RALEIGH, N.C. (WTVD) -- Inflation is still hitting North Carolinians hard. Shoppers are paying more for food, gas, and a place to live.
"It's just, it's crazy. It's outrageous, how the prices are just drastically changing. You can't go to the grocery store and get what you used to get, because it cost," said Mikyia Musa.
New numbers released by the Bureau of Labor Statistics show consumer prices are up 7.7 %, but down from September's 8.2 %. There's been a drop in prices for used cars, medical care, clothing, and airfare.
Musa said she has noticed the slight decline, but wished the drop was in areas she needed most.
"I just went to the mall today, and I got to 60% off on a dress, but it's like, I can use that towards food. So that's kind of crazy how clothing is kind of getting cheaper. And then food is still more expensive, and should be the opposite," she continued.
NC State Economics Professor Michael Walden said we are seeing a dip in prices for discretionary items because most people can hold off on making those purchases.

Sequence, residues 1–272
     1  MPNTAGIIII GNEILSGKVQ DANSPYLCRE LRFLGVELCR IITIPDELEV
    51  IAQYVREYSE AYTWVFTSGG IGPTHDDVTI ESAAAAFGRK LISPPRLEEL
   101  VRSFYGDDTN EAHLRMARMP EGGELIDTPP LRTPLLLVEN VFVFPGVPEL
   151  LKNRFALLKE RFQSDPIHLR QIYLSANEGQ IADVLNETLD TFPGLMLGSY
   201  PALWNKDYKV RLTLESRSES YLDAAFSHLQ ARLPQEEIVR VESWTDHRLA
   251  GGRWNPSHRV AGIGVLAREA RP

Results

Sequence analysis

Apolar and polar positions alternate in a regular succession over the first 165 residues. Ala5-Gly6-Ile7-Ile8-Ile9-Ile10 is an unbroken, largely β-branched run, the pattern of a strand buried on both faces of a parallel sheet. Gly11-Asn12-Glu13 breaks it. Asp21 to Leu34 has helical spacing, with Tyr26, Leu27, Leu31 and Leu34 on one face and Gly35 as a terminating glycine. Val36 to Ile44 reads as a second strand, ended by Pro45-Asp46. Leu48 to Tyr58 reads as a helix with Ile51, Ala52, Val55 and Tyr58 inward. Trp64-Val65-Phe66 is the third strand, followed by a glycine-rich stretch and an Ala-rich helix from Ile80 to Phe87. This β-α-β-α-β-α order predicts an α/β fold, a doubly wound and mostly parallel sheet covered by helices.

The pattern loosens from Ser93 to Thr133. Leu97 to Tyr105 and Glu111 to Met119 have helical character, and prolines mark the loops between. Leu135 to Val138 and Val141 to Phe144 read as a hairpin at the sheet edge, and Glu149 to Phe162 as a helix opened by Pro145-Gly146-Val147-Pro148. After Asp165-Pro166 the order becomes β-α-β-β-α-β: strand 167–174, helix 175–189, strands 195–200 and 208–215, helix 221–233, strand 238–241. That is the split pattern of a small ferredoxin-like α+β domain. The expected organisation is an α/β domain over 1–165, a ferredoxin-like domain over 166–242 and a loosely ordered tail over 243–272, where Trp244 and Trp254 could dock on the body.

"That's exactly what the Federal Reserve wants to see people saying, all right, I'm going to hold off on buying that new wardrobe. I'm going to hold off on taking that trip. I'm going to hold off on renting a bigger apartment and buying a new car, etc. That's exactly what they want to do. And again, that was encouraging today," Walden explained.
He said October's numbers point to positive signs inflation has peaked, while not out of the dark, certainly not as high as in previous months.
"I think a year from now we're talking, we're gonna be on the other side of this. I think the Federal Reserve a year from now will be cutting interest rates. I would expect inflation will be much, much lower. If we had a recession, people would be going back to work. So, I think there is a time limit on this," Walden added.
But the time can't come soon enough for families who are struggling to pay for the necessities, like groceries and gas. Gasoline prices are up by 17 % in the last year and food costs increased by 10 %.
A food giveaway today in North Raleigh brought out a few hundred people, demonstrating the need in the Triangle.
"We're seeing families that we haven't seen before, you know, people that have lost jobs, they have kids, and they really don't know, you know, how they're going to, you know, support their families," explained Dan Stevens, Director of Corporate Partnerships with Feed the Children.
Local food banks say the agencies they supply have seen a 40 percent increase in demand for their services.